So when Theo, our bereft protagonist, unwraps what he has believed (for years) to be the stolen painting The Goldfinch (the numinous MacGuffin that drives the action of the book, representing for Theo his dead mother and redolent of all Old-World art and culture) but which is actually a faked package with which light-fingered Boris has pulled the old switcheroo, I knew that what lay inside the wrapping mattered.  It mattered to Theo.  It mattered to Tartt.  In the ideological structure of her novel, whatever lay inside that wrapping represented the cheap, fake substitute for what was good and true and real--the beloved, the dear, the irreplaceable.  Whatever lay inside was the linchpin of Tartt's symbol system:  the precise negative of the delicate, precious Old Master painting enshrined on the cover, in the title, and within the novel's plot.

So I read with a sinking feeling, in Theo's voice, of

a snarl of packing tape into which I'd cut, painstakingly, with an X-Acto knife, twenty minutes of delicate work, pulse throbbing in my fingertips, terrified of going in too hard and nicking the painting by mistake, finally getting the side open, peeling the tape strip by strip by careful strip, with trembling hands:  only to find--sandwiched in cardboard and wrapped with newspaper--a scribbled-up Civics workbook (Democracy, Diversity, and You!).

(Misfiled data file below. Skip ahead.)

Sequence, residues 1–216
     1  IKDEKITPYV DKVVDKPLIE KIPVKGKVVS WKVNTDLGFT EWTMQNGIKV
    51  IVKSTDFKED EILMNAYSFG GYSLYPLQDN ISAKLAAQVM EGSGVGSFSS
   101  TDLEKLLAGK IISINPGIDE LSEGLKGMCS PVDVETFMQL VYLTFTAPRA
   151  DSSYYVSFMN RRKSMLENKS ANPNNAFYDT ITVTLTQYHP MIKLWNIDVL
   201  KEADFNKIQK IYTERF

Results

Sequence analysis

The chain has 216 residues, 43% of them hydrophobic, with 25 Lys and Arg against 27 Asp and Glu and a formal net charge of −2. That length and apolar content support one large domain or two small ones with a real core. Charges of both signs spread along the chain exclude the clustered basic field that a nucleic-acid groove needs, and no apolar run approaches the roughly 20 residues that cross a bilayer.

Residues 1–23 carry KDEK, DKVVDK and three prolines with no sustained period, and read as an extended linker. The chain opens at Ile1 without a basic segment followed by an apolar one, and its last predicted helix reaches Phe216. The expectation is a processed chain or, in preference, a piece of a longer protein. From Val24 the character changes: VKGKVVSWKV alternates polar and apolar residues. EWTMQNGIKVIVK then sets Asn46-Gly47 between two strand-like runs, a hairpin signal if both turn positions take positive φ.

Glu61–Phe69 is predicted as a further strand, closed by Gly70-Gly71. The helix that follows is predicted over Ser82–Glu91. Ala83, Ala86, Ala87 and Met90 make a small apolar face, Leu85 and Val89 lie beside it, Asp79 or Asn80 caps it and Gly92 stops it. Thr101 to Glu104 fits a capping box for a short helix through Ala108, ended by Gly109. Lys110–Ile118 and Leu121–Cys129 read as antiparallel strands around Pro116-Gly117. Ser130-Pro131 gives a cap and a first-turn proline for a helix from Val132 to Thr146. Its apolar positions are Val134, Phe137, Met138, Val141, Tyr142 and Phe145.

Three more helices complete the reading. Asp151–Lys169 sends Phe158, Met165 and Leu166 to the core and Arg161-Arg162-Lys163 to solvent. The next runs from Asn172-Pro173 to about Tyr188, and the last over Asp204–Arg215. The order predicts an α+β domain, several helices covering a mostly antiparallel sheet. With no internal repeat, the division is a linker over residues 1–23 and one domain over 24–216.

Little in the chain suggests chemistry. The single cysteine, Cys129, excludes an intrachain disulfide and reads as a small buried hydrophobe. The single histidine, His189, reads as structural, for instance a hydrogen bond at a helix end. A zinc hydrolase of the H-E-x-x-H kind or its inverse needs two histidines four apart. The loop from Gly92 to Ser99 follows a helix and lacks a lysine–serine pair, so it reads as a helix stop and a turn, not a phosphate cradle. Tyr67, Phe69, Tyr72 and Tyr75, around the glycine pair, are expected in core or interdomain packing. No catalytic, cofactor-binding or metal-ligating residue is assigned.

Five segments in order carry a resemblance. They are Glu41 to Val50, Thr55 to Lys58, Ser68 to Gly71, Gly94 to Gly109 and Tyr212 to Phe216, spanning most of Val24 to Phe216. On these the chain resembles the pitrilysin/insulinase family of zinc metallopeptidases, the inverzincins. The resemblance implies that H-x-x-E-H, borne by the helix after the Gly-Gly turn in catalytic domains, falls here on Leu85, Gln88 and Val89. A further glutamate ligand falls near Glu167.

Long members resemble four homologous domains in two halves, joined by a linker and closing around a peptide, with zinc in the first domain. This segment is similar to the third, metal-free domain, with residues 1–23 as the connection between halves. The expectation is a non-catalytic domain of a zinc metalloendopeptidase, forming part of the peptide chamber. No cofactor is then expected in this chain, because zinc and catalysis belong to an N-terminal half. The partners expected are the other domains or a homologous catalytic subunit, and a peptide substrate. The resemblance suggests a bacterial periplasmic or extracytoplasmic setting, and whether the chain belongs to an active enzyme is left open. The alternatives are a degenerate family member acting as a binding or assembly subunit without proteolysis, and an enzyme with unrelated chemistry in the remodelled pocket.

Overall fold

Bright multicultural throng.  On the cover Asian kids, Latino kids, African American kids, Native American kids, a girl in a Muslim head scarf and a white kid in a wheelchair smiled and held hands before an American flag.  Inside,...the book's cheery dull world of good citizenship, where persons of different ethnicities all participated happily in their communities and inner-city kids stood around their housing project with a watering can, caring for a potted tree...

As the author, Tartt could have placed nearly anything inside that muddle of tape and newspaper and cardboard.  Yet this is what she chose, and so herein lies the great betrayal, the worthless substitute for all that has been stolen from Theo:  a multiculturalism depicted as facile, a didactic, banal, tokenized vision of compulsory equality and justice.  Gone is The Goldfinch, and with it the beloved lost hierarchical world of Beauty and Art and Culture (and dark people, presumably, in their places where they belong, serving).